Encountering the Unfamiliar in International Studies in Planning

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The opportunities of internationalised planning curricula are manifold. For students this includes scope to expand their horizons for planning careers and to develop more reflective understandings of planning issues in their ‘home’ environment (Yigitcanlar, 2013). For educators, it provides a fertile environment for exploring cross-cultural encounter, a space to investigate varied planning traditions, and to situate examples for teaching. Within planning education, professional and academic discourse offers a way for students from diverse backgrounds to communicate and conceptualise field studies within a common (universal) understanding of traditions of planning practice and public policy solutions, but also to consider those contingent on place and culture (Healey, 2012). The ethical and political implications of working internationally can, however, be masked within the seeming familiarity of planning language, concepts and techniques. Planning is inherently political and contextual, yet the explicit dilemmas of the political and economic setting can appear hidden during a field project where the apparently universal notions of effective spatial planning are central to the dialogue amongst a diverse student group. Using the example of four joint field/project visits (2010-2014) involving Australian and Sri Lankan planning students in tsunami and conflict affected areas of Sri Lanka, this paper draws on student reflections and observations to explore the explicit encounters with ethical dilemmas and political settings. It then considers the implications and transferability of these lessons for ethical reflection in planning practice within the home setting.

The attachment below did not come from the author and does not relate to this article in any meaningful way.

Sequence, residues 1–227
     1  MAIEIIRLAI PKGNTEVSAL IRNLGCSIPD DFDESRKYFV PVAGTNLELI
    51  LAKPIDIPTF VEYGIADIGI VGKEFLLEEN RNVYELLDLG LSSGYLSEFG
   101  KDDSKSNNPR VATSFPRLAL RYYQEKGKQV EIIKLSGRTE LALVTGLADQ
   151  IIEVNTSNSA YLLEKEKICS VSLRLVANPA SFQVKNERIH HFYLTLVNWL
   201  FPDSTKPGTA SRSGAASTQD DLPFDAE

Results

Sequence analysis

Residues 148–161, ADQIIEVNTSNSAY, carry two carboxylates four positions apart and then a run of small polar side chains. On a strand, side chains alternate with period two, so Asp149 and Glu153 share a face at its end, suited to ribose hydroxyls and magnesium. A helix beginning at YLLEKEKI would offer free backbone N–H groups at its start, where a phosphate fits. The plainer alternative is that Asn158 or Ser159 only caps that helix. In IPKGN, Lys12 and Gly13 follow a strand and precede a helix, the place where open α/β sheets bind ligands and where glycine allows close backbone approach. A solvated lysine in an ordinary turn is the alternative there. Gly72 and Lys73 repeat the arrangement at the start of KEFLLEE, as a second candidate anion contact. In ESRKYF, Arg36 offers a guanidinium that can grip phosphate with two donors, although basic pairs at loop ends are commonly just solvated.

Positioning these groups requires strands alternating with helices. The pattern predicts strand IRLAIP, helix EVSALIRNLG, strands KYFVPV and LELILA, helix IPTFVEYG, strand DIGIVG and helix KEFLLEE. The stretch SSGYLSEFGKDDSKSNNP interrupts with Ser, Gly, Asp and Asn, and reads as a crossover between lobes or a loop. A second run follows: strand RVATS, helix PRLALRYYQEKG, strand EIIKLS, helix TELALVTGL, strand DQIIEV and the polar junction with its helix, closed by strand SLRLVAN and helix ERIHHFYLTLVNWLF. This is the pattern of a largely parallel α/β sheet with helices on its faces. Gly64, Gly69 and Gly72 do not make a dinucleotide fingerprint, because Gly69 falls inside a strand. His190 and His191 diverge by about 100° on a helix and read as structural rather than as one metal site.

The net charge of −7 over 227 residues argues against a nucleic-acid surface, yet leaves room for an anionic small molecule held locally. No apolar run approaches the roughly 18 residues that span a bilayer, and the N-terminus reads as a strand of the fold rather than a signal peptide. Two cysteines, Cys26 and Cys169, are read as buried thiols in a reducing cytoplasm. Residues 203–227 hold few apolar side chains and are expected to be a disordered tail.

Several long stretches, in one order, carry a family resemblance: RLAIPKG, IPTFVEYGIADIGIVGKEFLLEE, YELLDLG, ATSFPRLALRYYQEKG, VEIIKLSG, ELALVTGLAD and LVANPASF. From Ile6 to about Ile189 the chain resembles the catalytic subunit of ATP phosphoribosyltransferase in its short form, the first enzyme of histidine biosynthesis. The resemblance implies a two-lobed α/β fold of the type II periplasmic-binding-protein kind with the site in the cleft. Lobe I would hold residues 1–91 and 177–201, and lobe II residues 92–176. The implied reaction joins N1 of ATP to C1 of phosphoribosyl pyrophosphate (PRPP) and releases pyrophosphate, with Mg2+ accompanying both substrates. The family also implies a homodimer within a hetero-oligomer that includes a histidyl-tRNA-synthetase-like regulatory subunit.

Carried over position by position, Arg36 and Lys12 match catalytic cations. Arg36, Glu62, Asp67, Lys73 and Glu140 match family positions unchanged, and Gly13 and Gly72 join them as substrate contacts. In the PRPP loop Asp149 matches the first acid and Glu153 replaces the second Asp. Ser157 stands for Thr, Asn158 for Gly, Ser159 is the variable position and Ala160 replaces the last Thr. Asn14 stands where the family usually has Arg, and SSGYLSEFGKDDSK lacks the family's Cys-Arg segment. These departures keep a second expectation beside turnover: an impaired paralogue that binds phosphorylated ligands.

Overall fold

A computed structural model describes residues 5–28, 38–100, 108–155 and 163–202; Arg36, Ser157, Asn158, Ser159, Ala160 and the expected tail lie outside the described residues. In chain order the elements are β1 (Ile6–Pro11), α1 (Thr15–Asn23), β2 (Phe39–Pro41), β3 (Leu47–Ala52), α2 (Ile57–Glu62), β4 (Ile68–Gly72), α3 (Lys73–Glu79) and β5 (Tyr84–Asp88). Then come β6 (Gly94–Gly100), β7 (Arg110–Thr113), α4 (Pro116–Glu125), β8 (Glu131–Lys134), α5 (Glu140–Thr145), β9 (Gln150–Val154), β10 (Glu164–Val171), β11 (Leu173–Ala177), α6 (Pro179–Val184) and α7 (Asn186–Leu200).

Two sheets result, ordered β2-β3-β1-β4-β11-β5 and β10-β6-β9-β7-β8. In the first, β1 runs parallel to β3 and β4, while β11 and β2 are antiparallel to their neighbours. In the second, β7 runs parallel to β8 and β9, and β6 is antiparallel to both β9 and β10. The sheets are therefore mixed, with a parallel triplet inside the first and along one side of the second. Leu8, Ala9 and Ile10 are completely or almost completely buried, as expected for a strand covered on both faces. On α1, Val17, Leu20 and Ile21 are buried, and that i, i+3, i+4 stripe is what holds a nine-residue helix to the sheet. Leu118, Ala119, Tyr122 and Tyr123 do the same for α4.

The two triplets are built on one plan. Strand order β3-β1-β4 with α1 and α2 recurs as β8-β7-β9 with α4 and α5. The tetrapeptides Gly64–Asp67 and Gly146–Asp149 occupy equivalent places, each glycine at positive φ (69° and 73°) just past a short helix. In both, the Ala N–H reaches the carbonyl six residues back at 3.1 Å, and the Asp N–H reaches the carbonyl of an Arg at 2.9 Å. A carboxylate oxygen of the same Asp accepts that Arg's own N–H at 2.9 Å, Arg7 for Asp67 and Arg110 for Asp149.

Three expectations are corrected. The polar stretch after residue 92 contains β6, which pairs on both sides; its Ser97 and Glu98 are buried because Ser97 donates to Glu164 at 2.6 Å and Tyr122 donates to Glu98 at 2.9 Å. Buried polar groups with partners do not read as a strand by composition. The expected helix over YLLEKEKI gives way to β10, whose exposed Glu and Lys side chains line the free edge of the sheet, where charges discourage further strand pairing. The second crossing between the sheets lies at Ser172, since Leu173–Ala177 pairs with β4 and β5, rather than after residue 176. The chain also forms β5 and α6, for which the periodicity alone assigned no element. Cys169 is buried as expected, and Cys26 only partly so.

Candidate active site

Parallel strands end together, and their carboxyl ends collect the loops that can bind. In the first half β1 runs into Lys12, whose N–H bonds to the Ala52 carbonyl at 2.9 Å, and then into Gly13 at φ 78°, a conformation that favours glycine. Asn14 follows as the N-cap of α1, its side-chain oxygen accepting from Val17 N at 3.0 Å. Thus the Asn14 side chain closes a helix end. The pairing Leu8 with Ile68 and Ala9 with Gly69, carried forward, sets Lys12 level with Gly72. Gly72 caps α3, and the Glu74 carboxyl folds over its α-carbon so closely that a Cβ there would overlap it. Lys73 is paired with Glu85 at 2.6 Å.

Book of proceedings: Annual AESOP Congress, Definite Space – Fuzzy Responsibility, Prague, 13-16th July, 2015
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